By CARA ANNA
JOHANNESBURG (AP) — Anxiety rose in Africa’s richest nation Friday as South Africa said coronavirus cases jumped to 202, the most in the sub-Saharan region, while the continent’s busiest airport said foreigners cannot disembark. State-owned South African Airways suspended all international flights until June.
And in a serious risk of local transmission, South Africa said five of its new cases had attended a church gathering of more than 200 people in central Free State province. All had arrived from abroad. Authorities were rushing to find other attendees.
Another new South Africa case was a health worker who had been in a number of private hospitals.
Johannesburg’s O.R. Tambo International Airport said aircraft with foreigners “will be contained at an isolated bay with all officials ensuring the utmost care is taken,” following up on travel restrictions announced days ago when South Africa declared a national disaster. “We are working with the airline to ensure that foreign nationals return to the country of origin.”
Foreigners across the continent of more than 1.3 billion people face the growing chance of being stranded as countries close borders and block flights.
The financially troubled South African Airways said the immediate suspension of all international flights through May 31 was because of coronavirus-related travel restrictions and the “substantial decline in demand” for air travel.
“It is all our responsibility, not just government, to curb further transmission of the virus,” CEO Zuks Ramasia said in a statement. “In addition, the increasing risks to our crew of contracting the virus, including the possibility of being trapped in foreign destinations as a consequence of increasing travel bans, cannot be ignored.”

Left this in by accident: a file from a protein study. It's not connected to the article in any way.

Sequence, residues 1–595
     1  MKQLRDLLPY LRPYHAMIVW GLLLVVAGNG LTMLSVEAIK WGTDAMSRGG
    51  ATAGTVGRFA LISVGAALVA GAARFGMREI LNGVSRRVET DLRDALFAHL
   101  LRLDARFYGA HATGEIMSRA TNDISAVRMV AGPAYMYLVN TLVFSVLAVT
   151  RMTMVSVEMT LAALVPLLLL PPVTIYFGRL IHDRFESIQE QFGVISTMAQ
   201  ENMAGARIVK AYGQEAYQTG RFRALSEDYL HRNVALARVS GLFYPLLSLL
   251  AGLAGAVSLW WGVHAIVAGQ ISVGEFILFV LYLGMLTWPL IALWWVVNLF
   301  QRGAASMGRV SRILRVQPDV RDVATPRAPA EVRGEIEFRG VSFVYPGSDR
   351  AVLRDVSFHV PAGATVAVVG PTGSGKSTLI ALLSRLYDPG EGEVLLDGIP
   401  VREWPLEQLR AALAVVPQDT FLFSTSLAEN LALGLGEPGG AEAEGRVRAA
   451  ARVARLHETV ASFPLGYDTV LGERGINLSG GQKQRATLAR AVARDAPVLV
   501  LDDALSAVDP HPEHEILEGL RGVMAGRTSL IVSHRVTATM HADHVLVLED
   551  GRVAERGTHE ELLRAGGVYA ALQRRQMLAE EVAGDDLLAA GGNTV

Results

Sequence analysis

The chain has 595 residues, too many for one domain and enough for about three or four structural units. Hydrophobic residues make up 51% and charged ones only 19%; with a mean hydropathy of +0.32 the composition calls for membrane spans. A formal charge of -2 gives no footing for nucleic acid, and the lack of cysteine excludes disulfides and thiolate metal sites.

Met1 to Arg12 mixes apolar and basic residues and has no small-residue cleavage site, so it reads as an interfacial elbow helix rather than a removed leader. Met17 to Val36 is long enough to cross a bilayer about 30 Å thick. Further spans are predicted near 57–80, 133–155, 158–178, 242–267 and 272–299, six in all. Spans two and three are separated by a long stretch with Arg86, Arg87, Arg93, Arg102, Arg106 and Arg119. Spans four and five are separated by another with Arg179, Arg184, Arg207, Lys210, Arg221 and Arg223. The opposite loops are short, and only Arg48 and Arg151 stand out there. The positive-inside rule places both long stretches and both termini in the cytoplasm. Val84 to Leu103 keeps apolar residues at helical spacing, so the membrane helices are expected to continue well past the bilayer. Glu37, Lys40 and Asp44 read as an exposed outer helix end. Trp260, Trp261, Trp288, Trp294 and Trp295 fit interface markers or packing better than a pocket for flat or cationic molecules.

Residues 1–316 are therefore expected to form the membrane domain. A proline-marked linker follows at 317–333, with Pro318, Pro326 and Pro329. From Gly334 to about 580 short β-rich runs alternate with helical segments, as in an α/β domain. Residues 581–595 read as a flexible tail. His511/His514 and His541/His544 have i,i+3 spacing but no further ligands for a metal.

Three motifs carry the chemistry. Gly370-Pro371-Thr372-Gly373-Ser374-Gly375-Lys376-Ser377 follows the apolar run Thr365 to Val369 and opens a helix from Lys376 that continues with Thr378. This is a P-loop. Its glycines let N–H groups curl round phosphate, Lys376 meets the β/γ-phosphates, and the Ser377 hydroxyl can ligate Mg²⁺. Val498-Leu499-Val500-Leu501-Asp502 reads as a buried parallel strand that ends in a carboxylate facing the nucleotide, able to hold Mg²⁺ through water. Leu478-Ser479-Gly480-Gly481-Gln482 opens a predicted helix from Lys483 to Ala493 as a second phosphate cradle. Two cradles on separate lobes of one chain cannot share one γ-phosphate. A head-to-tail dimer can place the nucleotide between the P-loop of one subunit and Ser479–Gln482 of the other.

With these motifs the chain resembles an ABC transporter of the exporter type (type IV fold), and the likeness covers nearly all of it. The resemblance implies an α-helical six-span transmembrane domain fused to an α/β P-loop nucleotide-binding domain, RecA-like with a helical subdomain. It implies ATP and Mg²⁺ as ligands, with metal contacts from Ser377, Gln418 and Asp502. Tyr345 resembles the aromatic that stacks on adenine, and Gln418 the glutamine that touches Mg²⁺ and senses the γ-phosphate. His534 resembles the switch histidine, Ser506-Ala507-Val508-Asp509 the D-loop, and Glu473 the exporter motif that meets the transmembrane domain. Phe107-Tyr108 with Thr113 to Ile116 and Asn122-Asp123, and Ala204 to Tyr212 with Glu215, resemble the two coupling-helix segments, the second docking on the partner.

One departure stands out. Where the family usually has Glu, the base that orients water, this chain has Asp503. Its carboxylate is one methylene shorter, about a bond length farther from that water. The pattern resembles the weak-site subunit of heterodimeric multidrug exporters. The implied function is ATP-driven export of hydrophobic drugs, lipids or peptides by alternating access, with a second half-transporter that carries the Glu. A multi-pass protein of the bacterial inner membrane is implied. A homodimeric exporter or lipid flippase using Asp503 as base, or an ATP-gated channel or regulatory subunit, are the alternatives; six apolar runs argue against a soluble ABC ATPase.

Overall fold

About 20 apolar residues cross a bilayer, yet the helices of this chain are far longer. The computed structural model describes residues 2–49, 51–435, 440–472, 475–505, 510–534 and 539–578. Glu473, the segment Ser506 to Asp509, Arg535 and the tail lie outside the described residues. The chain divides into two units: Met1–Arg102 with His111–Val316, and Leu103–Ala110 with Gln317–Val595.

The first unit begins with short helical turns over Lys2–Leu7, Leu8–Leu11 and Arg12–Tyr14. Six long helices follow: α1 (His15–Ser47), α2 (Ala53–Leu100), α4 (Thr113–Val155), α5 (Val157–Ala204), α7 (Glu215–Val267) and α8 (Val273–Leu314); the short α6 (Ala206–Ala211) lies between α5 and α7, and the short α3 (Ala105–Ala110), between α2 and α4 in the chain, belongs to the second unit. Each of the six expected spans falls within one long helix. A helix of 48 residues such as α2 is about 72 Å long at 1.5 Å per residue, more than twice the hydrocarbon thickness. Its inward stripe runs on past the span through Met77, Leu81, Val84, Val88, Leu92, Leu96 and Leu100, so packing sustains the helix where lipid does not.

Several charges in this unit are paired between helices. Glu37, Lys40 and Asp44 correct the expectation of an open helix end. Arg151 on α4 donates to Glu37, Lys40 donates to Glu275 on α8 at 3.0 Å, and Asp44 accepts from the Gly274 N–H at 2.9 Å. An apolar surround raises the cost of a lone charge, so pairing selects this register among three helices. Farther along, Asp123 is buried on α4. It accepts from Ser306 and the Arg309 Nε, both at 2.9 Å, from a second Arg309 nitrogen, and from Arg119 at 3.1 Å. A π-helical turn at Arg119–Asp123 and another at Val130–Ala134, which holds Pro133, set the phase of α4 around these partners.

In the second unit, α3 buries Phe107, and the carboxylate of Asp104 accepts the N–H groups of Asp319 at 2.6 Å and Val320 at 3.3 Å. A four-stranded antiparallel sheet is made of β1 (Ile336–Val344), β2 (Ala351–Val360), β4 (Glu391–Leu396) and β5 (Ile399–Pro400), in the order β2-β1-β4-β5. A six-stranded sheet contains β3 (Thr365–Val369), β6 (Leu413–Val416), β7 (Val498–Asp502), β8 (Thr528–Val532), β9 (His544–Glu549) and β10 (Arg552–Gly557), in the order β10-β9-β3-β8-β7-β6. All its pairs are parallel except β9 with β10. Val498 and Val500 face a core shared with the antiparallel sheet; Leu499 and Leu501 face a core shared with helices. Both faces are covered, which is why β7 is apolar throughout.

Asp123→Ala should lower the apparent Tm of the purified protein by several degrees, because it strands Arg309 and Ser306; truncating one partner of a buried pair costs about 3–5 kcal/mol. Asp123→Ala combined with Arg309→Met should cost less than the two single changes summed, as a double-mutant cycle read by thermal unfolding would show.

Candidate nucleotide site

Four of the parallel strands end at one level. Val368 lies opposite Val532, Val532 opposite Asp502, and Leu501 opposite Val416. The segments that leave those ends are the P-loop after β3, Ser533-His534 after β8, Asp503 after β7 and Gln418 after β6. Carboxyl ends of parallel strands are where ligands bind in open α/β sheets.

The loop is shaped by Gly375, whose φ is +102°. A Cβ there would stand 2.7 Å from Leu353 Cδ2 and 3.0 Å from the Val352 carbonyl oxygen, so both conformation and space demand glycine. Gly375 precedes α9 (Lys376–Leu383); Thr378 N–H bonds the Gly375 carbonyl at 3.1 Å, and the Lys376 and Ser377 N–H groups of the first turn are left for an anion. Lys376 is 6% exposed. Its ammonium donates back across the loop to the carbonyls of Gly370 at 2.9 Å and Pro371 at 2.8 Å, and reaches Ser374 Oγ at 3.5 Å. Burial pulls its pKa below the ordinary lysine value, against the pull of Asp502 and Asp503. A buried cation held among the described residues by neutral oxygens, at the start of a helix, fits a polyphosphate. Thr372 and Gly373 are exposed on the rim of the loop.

SAA flies to New York, London, Frankfurt, Munich and Washington — all in what South Africa now considers high-risk countries.
Also Friday, Ethiopian Airlines cancelled flights to 30 countries. The airline had been under pressure from some in Africa’s second most populous country to halt flights to high-risk countries.
Another African nation announced its first case, Cape Verde. Thirty-seven countries on the continent now have cases, with a total now well above 900.
So far most of the cases in Africa have been linked to overseas travel. But overnight Niger in announcing its first case highlighted possible regional spread inside the continent. Its citizen had traveled via the West African capitals of Togo, Ghana, Ivory Coast and Burkina Faso.
Tunisia declared a lockdown. Malawi, without a virus case, declared a state of disaster. Nigeria closed three international airports but those in Lagos and the capital, Abuja, remained open. South Sudan closed its schools.
Sierra Leone President Julius Maada Bio directed the military to the international airport and land borders to increase security and “and support compliance with all public health directives” while calling on people not to panic.
“If you cannot do so voluntarily then we will keep you in isolation by force,” Kenya’s health chief, Mutahi Kagwe, has warned.
Deaths across Africa from the virus reached 20 as Gabon reported its first. No one has died in South Africa, where the health minister said no patient was in intensive care.
All but 23 of South Africa’s cases are in people under age 60.
In Cape Town, a major tourist destination, the popular waterfront nearly emptied.
“The virus is going to be with us for quite a while,” the minister, Zweli Mkhize, told reporters. “In fact, it’s going to be one of those viruses that our bodies have to build new immunity to be able to deal with and defeat.”
This is a reality people must face, he said, “but it’s not a reality that says we are facing an apocalypse.”
In Johannesburg one bar patron, Katlego Ramahanetsa, began to worry about the future.
“My business been bad, I’ve been at home because I’m a DJ, so I’ve been just chilling, not doing anything, and now get to start using the savings that you didn’t plan to use,” he said. “And there’s nothing I can do.”
Nqobile Ntshangase in Johannesburg and Clarence Roy-Macaulay in Freetown, Sierra Leone contributed,
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